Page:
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By Akshay Kohli
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With 19 out of the Top-20 players featuring in both the singles event(men and women), this probably is the toughest field the Olympics have seen yet. This field however is not a concern for Sun Jinfang, head of the Chinese tennis governing body. “You never know what could happen in the Olympics,” she said. “It’s not like a regular tournament. We have four Grand Slams every year but the Olympics comes around once every four years so there’s more pressure,” commented Jinfang.
She added, “Of course it’s very challenging given the singles entry, but I hope the players can bring us more surprises and make the country proud.” Four Chinese have qualified for the Olympic tennis event. Li Na, the 2011 French Open winner, along side Zheng Jie and Peng Shuai in the women’s singles draw. Peng and Zheng will also team up for the doubles, while Li will compete with Zhang Shuai.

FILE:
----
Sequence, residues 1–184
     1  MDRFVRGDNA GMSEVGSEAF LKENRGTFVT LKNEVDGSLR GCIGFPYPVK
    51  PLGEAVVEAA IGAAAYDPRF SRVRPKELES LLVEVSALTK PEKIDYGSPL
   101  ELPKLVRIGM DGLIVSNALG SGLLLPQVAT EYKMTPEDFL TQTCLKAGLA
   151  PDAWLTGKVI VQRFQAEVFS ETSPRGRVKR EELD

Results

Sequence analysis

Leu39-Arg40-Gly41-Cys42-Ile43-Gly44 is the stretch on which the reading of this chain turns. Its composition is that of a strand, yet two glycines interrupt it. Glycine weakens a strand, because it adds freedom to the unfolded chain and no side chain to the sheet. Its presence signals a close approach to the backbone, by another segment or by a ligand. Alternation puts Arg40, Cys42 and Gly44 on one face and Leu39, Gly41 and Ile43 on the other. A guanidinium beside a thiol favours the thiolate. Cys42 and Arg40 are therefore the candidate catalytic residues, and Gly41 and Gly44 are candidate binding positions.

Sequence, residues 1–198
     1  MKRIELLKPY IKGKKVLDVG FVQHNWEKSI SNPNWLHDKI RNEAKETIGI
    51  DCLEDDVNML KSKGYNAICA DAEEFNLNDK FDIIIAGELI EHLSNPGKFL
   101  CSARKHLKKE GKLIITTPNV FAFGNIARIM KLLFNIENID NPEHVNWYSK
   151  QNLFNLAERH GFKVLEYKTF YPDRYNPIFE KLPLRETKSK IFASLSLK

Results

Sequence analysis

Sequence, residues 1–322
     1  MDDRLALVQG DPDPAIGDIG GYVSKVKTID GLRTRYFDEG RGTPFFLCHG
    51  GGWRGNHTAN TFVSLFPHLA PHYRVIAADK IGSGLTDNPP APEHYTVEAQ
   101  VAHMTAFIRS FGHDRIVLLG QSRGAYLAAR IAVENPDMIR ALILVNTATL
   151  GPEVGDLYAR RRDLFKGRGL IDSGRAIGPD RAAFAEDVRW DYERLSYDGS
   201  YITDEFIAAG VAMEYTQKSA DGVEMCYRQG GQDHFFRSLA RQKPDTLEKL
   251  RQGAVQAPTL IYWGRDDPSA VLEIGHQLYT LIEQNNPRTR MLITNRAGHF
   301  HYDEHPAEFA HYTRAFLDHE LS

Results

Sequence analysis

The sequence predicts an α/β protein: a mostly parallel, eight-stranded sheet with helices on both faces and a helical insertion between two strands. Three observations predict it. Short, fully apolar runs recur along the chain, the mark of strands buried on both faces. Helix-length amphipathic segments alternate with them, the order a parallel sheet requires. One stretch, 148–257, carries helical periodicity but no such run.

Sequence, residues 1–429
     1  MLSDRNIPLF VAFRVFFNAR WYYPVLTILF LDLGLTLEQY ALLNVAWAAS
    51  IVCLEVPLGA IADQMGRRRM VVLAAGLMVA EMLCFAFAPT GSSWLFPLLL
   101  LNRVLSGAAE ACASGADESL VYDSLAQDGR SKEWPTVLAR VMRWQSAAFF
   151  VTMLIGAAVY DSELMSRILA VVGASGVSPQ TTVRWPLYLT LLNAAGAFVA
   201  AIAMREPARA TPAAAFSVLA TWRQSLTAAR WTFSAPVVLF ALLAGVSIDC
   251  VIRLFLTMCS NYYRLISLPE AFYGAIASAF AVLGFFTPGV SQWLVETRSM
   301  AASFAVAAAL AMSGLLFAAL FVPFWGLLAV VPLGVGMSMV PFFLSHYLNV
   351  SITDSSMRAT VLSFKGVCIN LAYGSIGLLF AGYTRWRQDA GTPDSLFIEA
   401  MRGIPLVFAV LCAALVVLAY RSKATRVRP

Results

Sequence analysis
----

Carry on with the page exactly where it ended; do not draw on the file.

Though Li has failed to win another trophy since the Paris breakthrough, she still remains a serious medal contender at Olympics. “I am looking forward to playing at the Olympics. This could be my last time to play for my country at the Olympics as I’m already 30 years old and you never know what will happen after four years,” Li said.
Wimbledon will be followed by the Games just three weeks later as Olympic tennis returns to Wimbledon for the first time since 1908. The clothing restrictions will be lifted at the conservative All England Club for the Olympic tennis tournament, with players wearing the national colors instead of the regular white. “I’m looking forward to seeing Wimbledon without people wearing white,” Li said. “In more than 100 years nothing has changed here so maybe it’s the only time in a lifetime you can see people wearing different colors.”
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